Mastercard (NYSE:MA) reveals that February 2021 was yet another huge month for digital commerce, which increased 54.7% year-over-year (YOY).
Mastercard pointed out that despite the “inclement weather” felt across many parts of the country this past month, US retail sales (excluding automotive and gasoline) surged 4.6% YoY when adjusted for Leap Year, according to Mastercard SpendingPulseTM.
Mastercard further noted that online sales grew 54.7% compared to last year. The company’s SpendingPulse aims to measure in-store and online retail sales “across all forms of payment.”
At a national level, key retail trends from last month are as follows:
Grocery Aisle Touchdown: With “more people watching football’s big game from home, Grocery spend was up 30% the three days prior”. That “contributed to the Grocery sector growing +12.4% YOY for the month.”
Love is in the Air—and in the Mail: Also known for being the month of love, February “saw Jewelry spend rise +5.9% and +63.1% online YOY.” Restaurant spending “remained down (-13.5%) but has shown improvement over the past two months.”
Cabin Fever Leads to Home Enhancements: No big surprises here, as Furniture & Furnishings (+8.6%) “continued to post solid gains as seasonally cooler weather led to home improvements and décor projects.”
Apparel Shopping Continues to Shift Online: While Apparel sales “were down -5.3% overall, Apparel e-commerce sales grew +47.3% YOY.” This month, 73.9% of all Apparel purchases were “made online; a year ago, in February 2020, 47.5% were purchased online vs. in-store.”
Stimulus Sales Lift Continued, though Fading: The infusion of stimulus payments in early January “appeared to boost consumer spending in January and through early February, though the impacts have waned.”
Mastercard further noted:
“At the local level, the situation varied widely. A series of winter storms the week ending February 20 affected retail activity across the South—no state more than Texas. Mastercard SpendingPulse analysis shows how the extreme winter freeze impacted retail sales locally and at the national level.”
On February 17, 2021, Dallas, Austin and Houston all had YoY total retail sale declines of between 35-50% as retail locations shut down due to the “crippling” cold. With Texas usually representing around 10% to 11% of US retail sales volume, this event “pulled the national growth rate down –2.2% for the week,” Mastercard revealed in its report.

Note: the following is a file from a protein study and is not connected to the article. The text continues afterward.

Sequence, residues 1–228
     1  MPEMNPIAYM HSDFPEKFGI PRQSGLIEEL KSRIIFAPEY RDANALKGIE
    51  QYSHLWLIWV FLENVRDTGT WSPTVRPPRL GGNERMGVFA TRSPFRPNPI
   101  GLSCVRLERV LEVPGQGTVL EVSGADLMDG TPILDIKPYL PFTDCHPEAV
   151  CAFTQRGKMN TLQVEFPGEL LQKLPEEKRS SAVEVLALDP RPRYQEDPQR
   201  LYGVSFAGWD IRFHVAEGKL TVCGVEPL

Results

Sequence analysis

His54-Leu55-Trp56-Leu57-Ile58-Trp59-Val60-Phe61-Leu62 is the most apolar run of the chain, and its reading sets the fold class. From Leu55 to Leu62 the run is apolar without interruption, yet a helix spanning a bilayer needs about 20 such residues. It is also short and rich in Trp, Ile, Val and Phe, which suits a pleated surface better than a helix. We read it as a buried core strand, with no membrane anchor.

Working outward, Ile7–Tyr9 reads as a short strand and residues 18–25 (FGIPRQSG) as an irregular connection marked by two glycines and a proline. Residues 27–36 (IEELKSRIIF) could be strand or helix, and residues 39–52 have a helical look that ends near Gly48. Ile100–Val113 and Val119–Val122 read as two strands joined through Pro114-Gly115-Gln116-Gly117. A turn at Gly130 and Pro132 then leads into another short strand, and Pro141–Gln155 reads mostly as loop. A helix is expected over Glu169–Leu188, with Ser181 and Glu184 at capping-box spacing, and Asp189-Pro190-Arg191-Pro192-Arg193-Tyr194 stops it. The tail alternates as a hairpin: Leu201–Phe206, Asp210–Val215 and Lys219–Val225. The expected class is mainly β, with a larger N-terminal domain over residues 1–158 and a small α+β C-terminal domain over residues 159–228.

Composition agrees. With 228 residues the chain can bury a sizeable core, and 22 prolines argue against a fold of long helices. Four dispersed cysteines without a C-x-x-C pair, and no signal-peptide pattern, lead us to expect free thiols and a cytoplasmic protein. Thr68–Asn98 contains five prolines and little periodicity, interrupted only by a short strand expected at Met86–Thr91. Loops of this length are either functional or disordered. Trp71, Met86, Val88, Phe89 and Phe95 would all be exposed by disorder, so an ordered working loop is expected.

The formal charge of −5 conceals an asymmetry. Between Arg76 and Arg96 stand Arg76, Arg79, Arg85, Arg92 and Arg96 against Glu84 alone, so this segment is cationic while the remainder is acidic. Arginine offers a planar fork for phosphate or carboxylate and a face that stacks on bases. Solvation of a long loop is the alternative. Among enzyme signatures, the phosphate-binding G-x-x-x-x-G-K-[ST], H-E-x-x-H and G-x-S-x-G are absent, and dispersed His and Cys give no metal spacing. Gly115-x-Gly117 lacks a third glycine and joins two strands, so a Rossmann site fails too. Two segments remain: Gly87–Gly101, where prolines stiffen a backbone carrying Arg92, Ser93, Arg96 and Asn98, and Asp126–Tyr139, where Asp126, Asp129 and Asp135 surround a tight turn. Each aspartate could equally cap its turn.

Mastercard added that online sales activity also took a significant hit as power outages limited peoples’ ability to recharge their mobile phones and other electronic devices. This lack of connectivity “drove online sales in the region into negative territory for several days,” Mastercard confirmed.
But as the weather began to clear, a wave of “recovery spending” with daily YOY rates surpassed 30% in markets like Dallas, Austin and up to Nashville, the report noted.
Steve Sadove, Mastercard senior advisor and former CEO of Saks, Inc., stated:
“While in-store sales decelerated slightly compared to last month as a result of winter storms, consumers are continuing to show up online. From jewelry to apparel, e-commerce has opened doors for consumers to shop online while warmer days, widespread vaccinations and the loosening of restrictions appear on the horizon.”
Other major payment providers like Visa say they’re also committed to “maintaining stability” in our payments system and don’t intend to make future rate changes in the United States for another year so that the economy can recover (and people are better able to cope with the challenges).
As reported by Bloomberg, retailers have been asking Mastercard and Visa to postpone increases in interchange fees. This could help prevent a rise in costs for taking card payments at a time when consumers are really dependent on online shopping platforms.
Mastercard and Visa’s (NYSE:V) plans have caught the attention of Sen. Dick Durbin, the Illinois Democrat who had assisted with limiting fees on debit-card purchases.
Durbin noted in a recent letter to the card networks’ management (with US Representative Peter Welch, a Democrat from Vermont):
“We urge you to call off these planned fee increases. Our nation is still reeling from the ongoing pandemic.”
Mastercard’s management stated that it’s also planning to delay plans that could have led to physical stores (convenience stores and supermarkets) seeing considerably higher rates. The company said that it will “continue to be thoughtful” regarding the timing of introducing these changes.
“Mindful that some merchants are still facing unprecedented circumstances, we are delaying our previously announced interchange adjustments.”